I want to tell these stories, I want to climb into them, live them and then sing the songs of Nature, the songs of the wild, so that others may hear them and perhaps seek to find the music themselves and I am not alone in that desire. There are others who wish to do so as well, other practitioners of Druidry for whom this land, this region, is home. It is a place of Land and Sea and Sky in such natural beauty that one can barely help but Love it and feel Loved in return. This is the place where our feet touch the land and through it, the Earth.
To that end, several of us are in the early stages of forming a Druid Order for the State of Maine. Maine is a land that is vibrant and alive in its natural beauty and yet still in need of relationship to the people who inhabit her. Druidry is a living tradition, one that seeks to craft sacred relationship with the land and the spirits that inhabit it. We hope to be the keepers of tradition and a relevant addition to the foundation of the Pagan community here. The Order will serve several purposes. It will allow those who practice Druidry to belong to a central hub by which we can share information, knowledge and inspiration that is relevant to our individual communities.
The Order itself is founded on three basic principles, each of which have three contexts:
Location: The Place, the Land and the Earth
Being: Our Ancestors, Ourselves and our Community
Becoming: Knowledge, Learning and Teaching (1)
[Another concept here is that] this Order can support Druidry, which has a unique hum to it. We don’t all have to have the same definition or the same practices or the same core of learning. Druidry is bigger than that. It is about questing Awen. And we do that through our relationships. The most prevalent relationships are self, family, community and the spirits of place. Always it is about wakeful honorable relationships, for those bring inspiration. That from my studies is unique to this tradition. Others may talk about ecstatic practices, but Druidry is very clear, holding seeking Awen at its center. (2)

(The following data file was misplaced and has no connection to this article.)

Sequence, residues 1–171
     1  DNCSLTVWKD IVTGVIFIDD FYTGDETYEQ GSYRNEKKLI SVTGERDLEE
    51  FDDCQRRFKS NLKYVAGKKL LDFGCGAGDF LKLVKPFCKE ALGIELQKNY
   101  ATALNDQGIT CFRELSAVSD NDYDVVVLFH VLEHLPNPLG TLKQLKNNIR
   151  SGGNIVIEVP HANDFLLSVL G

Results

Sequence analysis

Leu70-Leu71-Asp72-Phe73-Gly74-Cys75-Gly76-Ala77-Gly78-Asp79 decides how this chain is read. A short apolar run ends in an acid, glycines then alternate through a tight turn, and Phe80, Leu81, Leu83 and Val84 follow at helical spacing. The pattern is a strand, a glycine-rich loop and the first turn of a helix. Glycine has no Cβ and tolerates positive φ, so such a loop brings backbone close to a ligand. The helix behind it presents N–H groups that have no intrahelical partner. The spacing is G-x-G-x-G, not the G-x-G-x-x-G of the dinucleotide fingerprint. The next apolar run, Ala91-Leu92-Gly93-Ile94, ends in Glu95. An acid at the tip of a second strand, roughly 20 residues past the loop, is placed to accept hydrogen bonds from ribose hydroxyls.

We presently have no “name” for this Order and that will likely be forthcoming soon. Ultimately though, this is a Maine Order of Druidry and I think I can speak for all of us when I say that we look forward to presenting ourselves in this capacity to the community.
If you have any questions please feel free to shoot me an email: firstname.lastname@example.org
(1) Quote Courtesy of Aracos
(2) Quote Courtesy of Snowhawke
June 26, 2014 at 1:33 pm
Beautiful writing. That inspiration is what it is all about. And Maine just seems to inspire the poet in us all. But more than that, it really demands we have a deeper relationship with land in order to live well here. And I think a Druid order can help facilitate a deeper relationship, a sacred one. Count me in!
Peace, beauty and inspiration,
June 26, 2014 at 3:46 pm
I might be interested.
June 26, 2014 at 3:52 pm
Your inspiration behind crafting and bringing into being the Druid College was as instrumental to this as anything else. You are quite correct when you said “Druidry has a unique hum to it,” and I am honored to have felt that hum and contribute to it in this way. Thank you, as always, for your support, participation, wisdom and friendship.
June 26, 2014 at 4:02 pm
Wonderfully inspired words Brother Bear.
I very much look forward to seeing (and singing) what becomes of this.
March 21, 2021 at 9:19 pm
Still out there? I am curious and in need of guidance and info.